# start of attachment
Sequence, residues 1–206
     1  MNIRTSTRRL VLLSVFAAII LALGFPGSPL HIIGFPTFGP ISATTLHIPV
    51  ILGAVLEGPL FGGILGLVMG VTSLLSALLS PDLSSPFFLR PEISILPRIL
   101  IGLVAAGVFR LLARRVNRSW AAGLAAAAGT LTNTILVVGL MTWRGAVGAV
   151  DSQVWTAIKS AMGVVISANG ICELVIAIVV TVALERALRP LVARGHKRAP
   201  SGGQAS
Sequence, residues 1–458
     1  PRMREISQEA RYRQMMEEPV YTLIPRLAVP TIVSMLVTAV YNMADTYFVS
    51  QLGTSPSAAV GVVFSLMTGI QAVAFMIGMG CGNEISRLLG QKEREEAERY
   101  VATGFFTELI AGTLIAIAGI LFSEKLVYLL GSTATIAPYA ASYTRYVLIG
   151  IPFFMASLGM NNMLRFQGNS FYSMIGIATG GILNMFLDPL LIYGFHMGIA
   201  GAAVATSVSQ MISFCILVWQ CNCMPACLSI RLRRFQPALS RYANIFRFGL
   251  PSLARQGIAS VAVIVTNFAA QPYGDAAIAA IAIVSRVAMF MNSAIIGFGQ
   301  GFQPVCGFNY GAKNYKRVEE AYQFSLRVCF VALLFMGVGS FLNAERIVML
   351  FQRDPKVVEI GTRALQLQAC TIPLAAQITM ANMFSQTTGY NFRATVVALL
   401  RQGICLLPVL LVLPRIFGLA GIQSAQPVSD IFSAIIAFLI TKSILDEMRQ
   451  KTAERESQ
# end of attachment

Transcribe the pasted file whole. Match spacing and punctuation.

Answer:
Sequence, residues 1–206
     1  MNIRTSTRRL VLLSVFAAII LALGFPGSPL HIIGFPTFGP ISATTLHIPV
    51  ILGAVLEGPL FGGILGLVMG VTSLLSALLS PDLSSPFFLR PEISILPRIL
   101  IGLVAAGVFR LLARRVNRSW AAGLAAAAGT LTNTILVVGL MTWRGAVGAV
   151  DSQVWTAIKS AMGVVISANG ICELVIAIVV TVALERALRP LVARGHKRAP
   201  SGGQAS
Sequence, residues 1–458
     1  PRMREISQEA RYRQMMEEPV YTLIPRLAVP TIVSMLVTAV YNMADTYFVS
    51  QLGTSPSAAV GVVFSLMTGI QAVAFMIGMG CGNEISRLLG QKEREEAERY
   101  VATGFFTELI AGTLIAIAGI LFSEKLVYLL GSTATIAPYA ASYTRYVLIG
   151  IPFFMASLGM NNMLRFQGNS FYSMIGIATG GILNMFLDPL LIYGFHMGIA
   201  GAAVATSVSQ MISFCILVWQ CNCMPACLSI RLRRFQPALS RYANIFRFGL
   251  PSLARQGIAS VAVIVTNFAA QPYGDAAIAA IAIVSRVAMF MNSAIIGFGQ
   301  GFQPVCGFNY GAKNYKRVEE AYQFSLRVCF VALLFMGVGS FLNAERIVML
   351  FQRDPKVVEI GTRALQLQAC TIPLAAQITM ANMFSQTTGY NFRATVVALL
   401  RQGICLLPVL LVLPRIFGLA GIQSAQPVSD IFSAIIAFLI TKSILDEMRQ
   451  KTAERESQ